Abstract: Ensuring high quality of public finances (QPF) with a view to supporting long-term economic growth has gained new urgency as the room for fiscal manoeuvre has shrunk in light of the current crisis. To more systematically analyse QPF and compare developments across countries and over time, a greater focus on identifying and developing comparable QPF indicators is needed. This paper provides a first attempt in this respect. Based on the view that QPF is a multi-dimensional concept, it creates composite indicators for twelve areas of public finances that are linked to long-term economic growth. While the proposed alternative calculation methods yield relatively robust results and findings are in line with conventional wisdom, due to data problems the composite indicators should only be seen as a useful starting point for identifying a country's main strengths and weaknesses in QPF. This would need to be complemented by qualitative analysis that also accounts for country and other specificities. JEL classification: E62, H11, H50, H52, H60
    Keywords: Quality of public finances, public finances, fiscal policy, long-term economic growth, public expenditure, public revenue, fiscal governance, Barrios, Schaechter
    JEL: E62 H11 H50 H52 H60
    Date: 2009–08
  11. By: Cristian Sepúlveda (International Studies Program. Andrew Young School of Policy Studies, Georgia State University); Jorge Martinez-Vazquez (International Studies Program. Andrew Young School of Policy Studies, Georgia State University)
    Abstract: Many countries around the world are currently pursuing policies for poverty reduction and improving income distribution. Many of these same countries are also aggressively implementing fiscal decentralization reforms. Although fiscal decentralization, poverty and the distribution of income have been the subject of extensive separate theoretical and empirical research, to date we have little understanding of what may be the impact of fiscal decentralization on poverty and inequality. This paper sets out to shed some light on those relationships. After reviewing the literature addressing different aspects of these relationships, the paper describes the possible channels through which fiscal decentralization might affect poverty and income inequalities. We also carry out an empirical analysis with panel data for a large number of countries at different stages of development covering the period 1971-2000. We find that fiscal decentralization may have significant effects on poverty and inequality. In particular, fiscal decentralization appears to reduce poverty as long as the share of sub-national expenditures is not greater than one third of total government expenditures. Fiscal decentralization appears to also help reduce income inequality only if the general government represents a significant share of the economy (twenty percent or more).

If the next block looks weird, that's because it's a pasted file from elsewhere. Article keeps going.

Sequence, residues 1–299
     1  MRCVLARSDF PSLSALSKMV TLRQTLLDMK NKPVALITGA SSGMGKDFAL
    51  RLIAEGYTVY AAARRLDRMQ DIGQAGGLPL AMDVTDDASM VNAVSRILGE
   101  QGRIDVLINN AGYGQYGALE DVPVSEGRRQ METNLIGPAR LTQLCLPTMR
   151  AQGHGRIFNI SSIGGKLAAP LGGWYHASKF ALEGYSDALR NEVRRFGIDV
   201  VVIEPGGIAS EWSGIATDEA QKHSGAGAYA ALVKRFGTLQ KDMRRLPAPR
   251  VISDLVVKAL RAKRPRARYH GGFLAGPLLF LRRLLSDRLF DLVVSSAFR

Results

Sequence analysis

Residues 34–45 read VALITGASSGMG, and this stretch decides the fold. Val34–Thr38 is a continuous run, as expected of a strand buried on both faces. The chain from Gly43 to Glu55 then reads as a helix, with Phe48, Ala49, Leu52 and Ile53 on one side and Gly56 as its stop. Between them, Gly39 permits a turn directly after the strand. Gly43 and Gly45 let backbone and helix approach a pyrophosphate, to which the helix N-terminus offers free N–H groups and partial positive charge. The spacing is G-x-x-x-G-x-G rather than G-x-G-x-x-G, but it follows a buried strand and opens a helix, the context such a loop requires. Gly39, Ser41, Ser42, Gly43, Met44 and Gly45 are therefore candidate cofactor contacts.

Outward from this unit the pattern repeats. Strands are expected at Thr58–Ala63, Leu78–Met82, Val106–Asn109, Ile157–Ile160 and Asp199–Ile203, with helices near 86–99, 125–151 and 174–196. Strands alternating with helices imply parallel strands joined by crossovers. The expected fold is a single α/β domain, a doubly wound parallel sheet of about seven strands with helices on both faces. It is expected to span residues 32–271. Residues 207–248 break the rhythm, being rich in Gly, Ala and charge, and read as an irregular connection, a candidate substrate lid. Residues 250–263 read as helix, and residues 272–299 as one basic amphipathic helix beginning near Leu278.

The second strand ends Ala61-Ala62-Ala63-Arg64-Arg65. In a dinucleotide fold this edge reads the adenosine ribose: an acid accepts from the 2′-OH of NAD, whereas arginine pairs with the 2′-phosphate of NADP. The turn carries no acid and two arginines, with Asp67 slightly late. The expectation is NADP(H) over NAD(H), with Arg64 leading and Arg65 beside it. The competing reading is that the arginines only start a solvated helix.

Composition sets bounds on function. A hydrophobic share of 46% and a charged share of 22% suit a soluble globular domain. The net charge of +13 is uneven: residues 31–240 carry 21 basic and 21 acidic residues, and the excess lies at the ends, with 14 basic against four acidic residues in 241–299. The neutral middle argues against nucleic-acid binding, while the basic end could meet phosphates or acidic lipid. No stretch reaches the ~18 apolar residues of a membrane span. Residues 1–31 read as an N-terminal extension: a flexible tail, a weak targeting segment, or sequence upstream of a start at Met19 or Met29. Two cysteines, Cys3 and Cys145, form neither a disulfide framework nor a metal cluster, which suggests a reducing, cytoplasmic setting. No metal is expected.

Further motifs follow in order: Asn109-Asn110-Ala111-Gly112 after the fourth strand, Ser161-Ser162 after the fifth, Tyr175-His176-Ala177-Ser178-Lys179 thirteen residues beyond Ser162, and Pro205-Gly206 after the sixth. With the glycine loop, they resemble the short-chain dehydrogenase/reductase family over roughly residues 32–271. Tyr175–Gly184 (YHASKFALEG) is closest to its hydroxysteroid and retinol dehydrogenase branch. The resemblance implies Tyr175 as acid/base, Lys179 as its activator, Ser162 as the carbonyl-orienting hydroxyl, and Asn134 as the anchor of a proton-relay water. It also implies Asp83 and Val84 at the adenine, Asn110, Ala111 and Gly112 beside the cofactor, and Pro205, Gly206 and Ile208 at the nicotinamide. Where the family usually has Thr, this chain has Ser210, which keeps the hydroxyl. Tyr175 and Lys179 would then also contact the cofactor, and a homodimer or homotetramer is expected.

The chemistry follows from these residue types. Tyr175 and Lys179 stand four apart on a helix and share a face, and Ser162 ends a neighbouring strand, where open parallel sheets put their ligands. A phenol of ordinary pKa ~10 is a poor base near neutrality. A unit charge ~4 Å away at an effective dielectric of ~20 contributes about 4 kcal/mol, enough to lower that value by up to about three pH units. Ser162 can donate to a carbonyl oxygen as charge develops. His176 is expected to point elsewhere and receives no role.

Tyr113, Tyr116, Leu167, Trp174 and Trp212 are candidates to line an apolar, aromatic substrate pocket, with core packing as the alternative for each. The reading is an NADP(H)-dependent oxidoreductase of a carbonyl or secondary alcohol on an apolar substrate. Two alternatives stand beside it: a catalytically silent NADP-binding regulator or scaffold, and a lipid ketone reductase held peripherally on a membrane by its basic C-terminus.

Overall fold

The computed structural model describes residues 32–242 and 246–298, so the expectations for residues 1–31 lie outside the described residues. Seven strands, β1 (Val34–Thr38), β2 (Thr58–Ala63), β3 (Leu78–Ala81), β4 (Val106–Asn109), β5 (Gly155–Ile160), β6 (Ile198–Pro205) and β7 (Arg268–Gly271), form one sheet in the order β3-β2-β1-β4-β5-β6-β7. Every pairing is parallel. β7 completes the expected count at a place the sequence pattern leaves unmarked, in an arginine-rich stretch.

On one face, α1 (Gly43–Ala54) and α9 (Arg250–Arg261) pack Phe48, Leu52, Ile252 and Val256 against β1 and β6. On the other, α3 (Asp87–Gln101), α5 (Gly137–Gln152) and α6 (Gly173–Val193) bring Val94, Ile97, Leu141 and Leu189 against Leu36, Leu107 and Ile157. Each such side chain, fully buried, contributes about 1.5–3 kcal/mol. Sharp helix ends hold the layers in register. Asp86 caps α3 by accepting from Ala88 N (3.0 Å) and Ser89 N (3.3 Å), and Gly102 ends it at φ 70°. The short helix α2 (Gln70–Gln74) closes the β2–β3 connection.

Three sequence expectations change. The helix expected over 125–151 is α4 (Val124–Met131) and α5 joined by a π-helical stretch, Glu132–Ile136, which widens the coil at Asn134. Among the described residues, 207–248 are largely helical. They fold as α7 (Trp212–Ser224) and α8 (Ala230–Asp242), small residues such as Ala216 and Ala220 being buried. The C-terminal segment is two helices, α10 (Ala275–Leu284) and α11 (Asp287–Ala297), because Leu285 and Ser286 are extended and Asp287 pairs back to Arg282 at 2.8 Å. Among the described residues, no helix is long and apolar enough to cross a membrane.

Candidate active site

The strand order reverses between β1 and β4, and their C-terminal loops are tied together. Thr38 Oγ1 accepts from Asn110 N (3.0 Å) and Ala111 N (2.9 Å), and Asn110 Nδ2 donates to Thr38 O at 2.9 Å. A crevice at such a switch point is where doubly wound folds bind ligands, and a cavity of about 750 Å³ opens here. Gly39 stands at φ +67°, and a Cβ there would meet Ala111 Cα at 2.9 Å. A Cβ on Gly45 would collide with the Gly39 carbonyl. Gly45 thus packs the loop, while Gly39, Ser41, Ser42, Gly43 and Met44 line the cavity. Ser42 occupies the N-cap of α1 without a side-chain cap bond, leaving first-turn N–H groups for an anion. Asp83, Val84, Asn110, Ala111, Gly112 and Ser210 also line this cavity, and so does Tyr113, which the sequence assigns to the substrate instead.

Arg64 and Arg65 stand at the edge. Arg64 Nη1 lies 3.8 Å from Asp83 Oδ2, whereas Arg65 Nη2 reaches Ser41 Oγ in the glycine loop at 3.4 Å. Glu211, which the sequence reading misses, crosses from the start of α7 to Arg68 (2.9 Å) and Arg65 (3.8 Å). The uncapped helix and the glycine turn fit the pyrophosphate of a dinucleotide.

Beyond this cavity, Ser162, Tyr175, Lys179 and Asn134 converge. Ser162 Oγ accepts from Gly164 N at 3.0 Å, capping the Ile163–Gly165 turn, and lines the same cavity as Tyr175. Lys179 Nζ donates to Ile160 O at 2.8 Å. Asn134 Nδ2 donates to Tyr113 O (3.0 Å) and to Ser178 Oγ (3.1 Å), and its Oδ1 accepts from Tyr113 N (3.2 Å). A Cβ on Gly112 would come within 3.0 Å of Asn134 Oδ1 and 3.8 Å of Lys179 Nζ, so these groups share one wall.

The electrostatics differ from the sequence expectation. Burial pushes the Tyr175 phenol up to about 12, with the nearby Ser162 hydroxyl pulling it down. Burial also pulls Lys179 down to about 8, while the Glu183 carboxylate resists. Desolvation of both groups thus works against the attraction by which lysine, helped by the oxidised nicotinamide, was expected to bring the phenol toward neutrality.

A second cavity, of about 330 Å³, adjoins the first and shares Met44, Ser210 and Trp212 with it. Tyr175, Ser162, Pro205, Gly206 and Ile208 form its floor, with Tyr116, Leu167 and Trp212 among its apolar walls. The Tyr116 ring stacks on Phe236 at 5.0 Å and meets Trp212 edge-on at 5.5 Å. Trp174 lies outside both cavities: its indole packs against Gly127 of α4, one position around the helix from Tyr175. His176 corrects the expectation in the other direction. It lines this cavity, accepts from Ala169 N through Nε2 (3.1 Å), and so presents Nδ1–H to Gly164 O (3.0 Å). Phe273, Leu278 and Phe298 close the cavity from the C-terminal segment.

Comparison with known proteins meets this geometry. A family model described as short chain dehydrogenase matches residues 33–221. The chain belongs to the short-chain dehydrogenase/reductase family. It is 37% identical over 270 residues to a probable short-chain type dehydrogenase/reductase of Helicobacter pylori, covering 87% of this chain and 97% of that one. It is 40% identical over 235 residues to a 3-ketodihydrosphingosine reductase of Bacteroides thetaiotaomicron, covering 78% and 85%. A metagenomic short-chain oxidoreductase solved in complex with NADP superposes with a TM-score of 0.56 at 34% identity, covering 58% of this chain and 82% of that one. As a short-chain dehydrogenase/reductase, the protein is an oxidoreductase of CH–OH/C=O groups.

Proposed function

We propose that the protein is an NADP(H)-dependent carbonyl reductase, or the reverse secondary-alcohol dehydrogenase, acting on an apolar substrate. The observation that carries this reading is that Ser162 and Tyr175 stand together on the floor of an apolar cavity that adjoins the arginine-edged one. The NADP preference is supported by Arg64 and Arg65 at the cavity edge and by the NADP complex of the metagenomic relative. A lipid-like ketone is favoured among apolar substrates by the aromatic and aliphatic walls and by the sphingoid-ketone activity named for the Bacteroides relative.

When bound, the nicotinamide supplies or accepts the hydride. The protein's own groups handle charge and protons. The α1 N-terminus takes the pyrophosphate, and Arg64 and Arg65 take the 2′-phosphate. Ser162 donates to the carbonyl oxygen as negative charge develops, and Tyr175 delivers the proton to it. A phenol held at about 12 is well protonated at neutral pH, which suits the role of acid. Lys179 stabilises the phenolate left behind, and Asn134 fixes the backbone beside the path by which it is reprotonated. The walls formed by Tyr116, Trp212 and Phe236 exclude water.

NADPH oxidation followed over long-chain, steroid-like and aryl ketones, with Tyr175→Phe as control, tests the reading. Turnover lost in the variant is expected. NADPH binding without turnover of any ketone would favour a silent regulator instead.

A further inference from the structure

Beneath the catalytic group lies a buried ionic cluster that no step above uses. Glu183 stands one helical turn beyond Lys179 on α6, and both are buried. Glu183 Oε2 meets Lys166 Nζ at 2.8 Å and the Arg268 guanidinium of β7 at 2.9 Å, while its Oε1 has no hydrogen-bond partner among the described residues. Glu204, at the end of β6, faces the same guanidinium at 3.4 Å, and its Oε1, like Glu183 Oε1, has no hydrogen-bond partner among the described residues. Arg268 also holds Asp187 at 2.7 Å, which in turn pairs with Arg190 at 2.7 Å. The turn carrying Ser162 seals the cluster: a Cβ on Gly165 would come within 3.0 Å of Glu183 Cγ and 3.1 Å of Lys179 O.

Keywords: fiscal decentralization, poverty reduction, income inequality
    Date: 2010–02–01
  12. By: Reviva Hasson; Åsa Löfgren; Martine Visser
    Abstract: This paper explores the collective action problem as it relates to climate change and develops two models that capture the mitigation/adaptation trade-off. The first model presents climate change as a certain disaster, while the second models climate change as a stochastic event. A one-shot public goods experiment with students reveals a relatively low rate of mitigation for both models. The effect of vulnerability towards climate change is also examined by varying the magnitude of the disaster across treatments. Our results find no significant difference between the high and low-vulnerability environments. This research contributes to the literature concerning public goods experiments as well as the analysis of climate change policy.
    Keywords: Public good; climate change; mitigation; adaptation; experiment; risk
    JEL: I21
    Date: 2010